Our persecution was pervasive, unbearable and ceaseless. There was no future for my father and likely none for us. My parents realized with great sadness that the only option was to escape Vietnam.
My parents and their trusted associates, some of whom were imprisoned with my father, meticulously planned the escape. They pooled money to buy a fishing boat, and secretly gathered emergency supplies like medicine and dried goods. Even the timing and route were carefully calculated.We left during the monsoon season and took the route commonly known as Typhoon Alley to the Philippines. We chose the longest route during the most dangerous time of the year because most of the families on my boat were high political risks, such as former military officers, governors and intellectuals. Capture would have likely resulted in a death sentence. We therefore hoped that by choosing such a dangerous time to leave, there would be less coastal patrol, thus helping us to elude capture. The estimated travel time was seven days in good weather.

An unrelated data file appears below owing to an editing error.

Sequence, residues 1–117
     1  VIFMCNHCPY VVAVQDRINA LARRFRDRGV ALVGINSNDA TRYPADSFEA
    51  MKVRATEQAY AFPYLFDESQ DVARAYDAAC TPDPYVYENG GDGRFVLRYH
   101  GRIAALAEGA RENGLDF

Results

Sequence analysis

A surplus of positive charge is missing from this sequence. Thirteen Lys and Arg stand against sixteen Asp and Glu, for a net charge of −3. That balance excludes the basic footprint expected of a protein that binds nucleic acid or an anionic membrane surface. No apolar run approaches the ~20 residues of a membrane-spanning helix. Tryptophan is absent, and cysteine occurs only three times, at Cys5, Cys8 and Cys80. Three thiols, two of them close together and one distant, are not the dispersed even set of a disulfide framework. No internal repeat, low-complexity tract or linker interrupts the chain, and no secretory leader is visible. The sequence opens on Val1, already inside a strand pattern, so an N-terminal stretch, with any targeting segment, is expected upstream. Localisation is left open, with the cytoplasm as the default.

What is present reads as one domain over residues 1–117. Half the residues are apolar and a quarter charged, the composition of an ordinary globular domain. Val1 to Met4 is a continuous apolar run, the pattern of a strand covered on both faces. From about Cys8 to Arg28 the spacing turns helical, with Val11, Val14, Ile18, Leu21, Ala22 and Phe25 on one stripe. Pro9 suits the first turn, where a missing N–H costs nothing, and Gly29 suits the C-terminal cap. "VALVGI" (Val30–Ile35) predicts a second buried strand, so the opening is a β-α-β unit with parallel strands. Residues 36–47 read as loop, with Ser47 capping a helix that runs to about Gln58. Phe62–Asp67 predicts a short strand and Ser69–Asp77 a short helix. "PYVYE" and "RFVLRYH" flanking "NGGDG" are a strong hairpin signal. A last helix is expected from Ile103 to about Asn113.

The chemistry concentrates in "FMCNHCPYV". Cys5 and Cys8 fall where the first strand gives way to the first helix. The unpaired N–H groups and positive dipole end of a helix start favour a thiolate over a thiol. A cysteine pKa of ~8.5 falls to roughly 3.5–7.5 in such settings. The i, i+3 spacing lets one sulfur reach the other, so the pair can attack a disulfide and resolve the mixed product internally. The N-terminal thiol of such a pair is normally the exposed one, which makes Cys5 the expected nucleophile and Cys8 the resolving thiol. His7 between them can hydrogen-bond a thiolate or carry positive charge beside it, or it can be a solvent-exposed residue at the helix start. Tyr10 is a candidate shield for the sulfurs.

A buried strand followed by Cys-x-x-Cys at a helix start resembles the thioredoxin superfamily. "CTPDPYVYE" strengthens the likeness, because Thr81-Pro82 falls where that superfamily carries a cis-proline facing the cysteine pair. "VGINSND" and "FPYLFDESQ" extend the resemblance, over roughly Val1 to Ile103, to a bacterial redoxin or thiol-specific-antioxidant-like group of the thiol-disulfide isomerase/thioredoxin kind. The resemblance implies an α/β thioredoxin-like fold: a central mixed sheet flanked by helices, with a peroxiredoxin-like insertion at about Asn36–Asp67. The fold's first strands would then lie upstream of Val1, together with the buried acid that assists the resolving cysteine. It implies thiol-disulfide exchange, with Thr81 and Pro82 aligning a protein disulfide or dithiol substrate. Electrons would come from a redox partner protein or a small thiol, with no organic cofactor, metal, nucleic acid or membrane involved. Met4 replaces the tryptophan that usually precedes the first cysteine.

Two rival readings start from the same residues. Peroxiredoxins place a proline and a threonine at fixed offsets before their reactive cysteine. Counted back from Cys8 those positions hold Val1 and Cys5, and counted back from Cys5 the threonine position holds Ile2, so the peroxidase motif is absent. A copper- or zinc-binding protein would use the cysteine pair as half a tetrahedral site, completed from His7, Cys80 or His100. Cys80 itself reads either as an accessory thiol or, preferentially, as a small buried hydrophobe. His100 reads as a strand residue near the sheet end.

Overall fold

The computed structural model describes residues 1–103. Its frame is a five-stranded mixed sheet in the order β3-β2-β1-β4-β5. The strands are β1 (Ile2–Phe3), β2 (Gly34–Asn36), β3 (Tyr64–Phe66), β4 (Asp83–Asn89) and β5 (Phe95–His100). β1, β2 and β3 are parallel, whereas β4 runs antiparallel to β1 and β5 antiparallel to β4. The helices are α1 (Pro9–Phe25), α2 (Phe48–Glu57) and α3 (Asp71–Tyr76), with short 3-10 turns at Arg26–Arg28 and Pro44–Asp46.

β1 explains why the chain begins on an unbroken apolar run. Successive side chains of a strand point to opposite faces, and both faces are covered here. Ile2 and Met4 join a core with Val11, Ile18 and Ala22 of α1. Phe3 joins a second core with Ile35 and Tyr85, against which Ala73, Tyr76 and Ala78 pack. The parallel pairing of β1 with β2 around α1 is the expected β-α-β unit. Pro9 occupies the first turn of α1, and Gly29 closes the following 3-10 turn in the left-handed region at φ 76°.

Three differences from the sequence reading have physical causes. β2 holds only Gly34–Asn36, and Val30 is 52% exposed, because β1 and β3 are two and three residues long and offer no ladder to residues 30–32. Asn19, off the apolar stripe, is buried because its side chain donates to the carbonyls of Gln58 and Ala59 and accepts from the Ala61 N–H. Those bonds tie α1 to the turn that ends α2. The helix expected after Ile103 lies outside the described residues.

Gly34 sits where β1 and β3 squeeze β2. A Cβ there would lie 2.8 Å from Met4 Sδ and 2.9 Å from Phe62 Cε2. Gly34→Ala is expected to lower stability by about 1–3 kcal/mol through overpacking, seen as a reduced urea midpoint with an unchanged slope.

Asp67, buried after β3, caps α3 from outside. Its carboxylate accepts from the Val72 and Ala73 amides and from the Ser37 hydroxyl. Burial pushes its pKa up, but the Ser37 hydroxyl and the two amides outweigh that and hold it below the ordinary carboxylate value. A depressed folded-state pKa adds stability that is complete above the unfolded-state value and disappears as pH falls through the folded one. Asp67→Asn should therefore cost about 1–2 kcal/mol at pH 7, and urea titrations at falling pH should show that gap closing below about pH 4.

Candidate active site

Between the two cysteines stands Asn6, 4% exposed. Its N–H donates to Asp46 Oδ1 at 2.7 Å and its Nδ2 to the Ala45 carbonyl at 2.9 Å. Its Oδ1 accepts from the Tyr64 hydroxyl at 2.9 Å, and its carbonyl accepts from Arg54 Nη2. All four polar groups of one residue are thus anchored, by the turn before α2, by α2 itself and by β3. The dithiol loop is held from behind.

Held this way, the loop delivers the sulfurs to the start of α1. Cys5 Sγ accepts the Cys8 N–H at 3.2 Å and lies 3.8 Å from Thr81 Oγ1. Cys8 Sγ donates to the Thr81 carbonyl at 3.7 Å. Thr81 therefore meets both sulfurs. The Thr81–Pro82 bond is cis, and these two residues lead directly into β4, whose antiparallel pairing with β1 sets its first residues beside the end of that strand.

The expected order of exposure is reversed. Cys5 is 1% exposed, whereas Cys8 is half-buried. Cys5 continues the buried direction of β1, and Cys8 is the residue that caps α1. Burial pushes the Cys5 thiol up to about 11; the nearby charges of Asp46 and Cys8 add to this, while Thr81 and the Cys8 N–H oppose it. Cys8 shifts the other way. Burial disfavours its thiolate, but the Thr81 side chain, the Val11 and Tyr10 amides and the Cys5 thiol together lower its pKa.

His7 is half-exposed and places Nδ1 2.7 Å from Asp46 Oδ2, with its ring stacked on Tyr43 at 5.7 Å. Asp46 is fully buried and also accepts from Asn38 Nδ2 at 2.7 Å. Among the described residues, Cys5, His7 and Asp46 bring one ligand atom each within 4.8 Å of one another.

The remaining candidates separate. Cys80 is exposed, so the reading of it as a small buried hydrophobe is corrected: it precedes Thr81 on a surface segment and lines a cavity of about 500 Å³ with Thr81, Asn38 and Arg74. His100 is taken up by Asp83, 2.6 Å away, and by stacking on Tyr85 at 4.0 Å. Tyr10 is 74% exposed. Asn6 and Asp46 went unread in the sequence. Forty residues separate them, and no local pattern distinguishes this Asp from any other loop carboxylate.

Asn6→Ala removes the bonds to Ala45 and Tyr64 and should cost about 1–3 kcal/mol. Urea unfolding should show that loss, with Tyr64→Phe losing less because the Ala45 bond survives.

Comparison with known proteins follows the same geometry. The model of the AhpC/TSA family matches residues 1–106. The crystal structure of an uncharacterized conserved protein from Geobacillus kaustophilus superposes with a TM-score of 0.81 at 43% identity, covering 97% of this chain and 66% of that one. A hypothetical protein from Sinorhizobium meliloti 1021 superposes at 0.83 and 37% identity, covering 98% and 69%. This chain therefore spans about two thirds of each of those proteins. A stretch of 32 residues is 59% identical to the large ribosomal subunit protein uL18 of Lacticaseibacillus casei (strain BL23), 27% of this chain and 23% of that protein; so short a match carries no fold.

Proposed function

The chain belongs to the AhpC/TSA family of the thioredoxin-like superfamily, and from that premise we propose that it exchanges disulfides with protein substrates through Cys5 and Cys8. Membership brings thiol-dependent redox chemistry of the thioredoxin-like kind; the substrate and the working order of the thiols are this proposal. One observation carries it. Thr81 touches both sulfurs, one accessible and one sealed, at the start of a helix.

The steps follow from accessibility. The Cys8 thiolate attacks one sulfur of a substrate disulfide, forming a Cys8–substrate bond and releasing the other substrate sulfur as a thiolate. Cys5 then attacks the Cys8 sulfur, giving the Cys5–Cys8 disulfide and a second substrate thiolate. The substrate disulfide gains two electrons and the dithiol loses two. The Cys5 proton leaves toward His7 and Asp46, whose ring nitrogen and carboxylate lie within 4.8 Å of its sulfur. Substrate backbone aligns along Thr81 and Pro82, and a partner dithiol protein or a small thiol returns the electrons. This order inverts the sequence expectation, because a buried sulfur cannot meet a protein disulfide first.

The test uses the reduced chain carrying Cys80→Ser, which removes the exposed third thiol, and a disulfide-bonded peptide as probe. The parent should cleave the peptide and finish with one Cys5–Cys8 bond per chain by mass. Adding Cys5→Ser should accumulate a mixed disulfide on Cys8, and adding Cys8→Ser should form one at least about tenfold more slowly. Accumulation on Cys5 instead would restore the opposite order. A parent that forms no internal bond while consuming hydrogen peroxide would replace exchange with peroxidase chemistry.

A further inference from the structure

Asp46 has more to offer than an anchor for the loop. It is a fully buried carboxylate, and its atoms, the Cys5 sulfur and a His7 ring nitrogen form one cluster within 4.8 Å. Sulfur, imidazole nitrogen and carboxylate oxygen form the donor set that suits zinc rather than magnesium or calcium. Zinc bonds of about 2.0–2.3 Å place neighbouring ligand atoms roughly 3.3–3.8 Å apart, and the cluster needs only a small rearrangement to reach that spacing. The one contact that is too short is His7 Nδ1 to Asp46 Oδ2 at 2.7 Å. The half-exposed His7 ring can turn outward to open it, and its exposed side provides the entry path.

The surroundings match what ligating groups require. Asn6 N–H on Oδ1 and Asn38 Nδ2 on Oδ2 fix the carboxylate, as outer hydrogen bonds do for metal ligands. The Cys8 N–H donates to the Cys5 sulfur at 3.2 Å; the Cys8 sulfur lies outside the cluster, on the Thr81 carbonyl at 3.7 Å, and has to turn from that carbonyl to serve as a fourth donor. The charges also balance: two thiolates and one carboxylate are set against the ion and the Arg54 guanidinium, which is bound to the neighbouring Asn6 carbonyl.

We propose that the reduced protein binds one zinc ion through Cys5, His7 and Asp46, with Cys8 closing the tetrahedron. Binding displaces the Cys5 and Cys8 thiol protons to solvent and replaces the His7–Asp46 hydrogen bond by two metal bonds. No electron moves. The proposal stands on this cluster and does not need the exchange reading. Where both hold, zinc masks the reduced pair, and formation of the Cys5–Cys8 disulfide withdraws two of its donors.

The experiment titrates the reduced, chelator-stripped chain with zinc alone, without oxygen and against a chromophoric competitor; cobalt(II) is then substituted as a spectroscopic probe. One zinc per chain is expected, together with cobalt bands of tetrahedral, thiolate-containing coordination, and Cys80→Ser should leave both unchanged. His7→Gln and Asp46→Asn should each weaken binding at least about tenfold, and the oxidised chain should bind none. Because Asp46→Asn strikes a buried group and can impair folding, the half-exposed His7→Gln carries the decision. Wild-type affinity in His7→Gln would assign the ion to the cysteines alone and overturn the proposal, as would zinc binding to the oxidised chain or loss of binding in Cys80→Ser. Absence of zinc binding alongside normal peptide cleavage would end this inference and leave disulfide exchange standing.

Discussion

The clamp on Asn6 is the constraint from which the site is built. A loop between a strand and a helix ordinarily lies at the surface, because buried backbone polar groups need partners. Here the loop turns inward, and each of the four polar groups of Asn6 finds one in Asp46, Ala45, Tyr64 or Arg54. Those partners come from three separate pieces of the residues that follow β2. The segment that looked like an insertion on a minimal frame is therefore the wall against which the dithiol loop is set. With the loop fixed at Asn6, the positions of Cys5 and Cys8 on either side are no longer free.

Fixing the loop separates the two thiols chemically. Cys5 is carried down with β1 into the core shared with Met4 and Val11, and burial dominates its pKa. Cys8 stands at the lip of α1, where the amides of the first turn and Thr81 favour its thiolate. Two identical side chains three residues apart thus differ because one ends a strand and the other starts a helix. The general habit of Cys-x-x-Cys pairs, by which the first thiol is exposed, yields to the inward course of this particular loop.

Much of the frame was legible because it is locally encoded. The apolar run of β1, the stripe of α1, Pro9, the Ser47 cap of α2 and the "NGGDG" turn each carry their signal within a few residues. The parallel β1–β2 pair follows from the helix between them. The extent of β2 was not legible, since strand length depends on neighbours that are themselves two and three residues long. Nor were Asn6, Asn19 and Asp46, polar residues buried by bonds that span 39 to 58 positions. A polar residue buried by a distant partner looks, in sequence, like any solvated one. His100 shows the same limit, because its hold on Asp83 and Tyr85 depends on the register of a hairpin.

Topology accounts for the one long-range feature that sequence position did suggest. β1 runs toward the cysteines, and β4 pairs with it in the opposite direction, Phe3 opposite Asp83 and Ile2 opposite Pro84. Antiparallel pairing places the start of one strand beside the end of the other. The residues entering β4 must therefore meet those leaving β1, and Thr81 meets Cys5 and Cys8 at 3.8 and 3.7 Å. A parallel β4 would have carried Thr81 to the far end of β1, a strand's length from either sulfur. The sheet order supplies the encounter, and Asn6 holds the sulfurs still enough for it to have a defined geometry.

The first two days of good weather allowed us to safely get to international waters and avoid capture. The next days are now a blur in my mind. What I do remember: the awful smells of human waste; the constant churning of my stomach; vomiting until I thought I would die. I remember the black walls of water that threatened to engulf our boat. I remember hunger so great that it took on its own shape: dark and twisting like a rope around all my organs. I remember my brother falling ill and others openly discussing what to do with his body if he were to die. I remember the desperation on my mother’s face as she looked at us, listless, starving and dehydrated.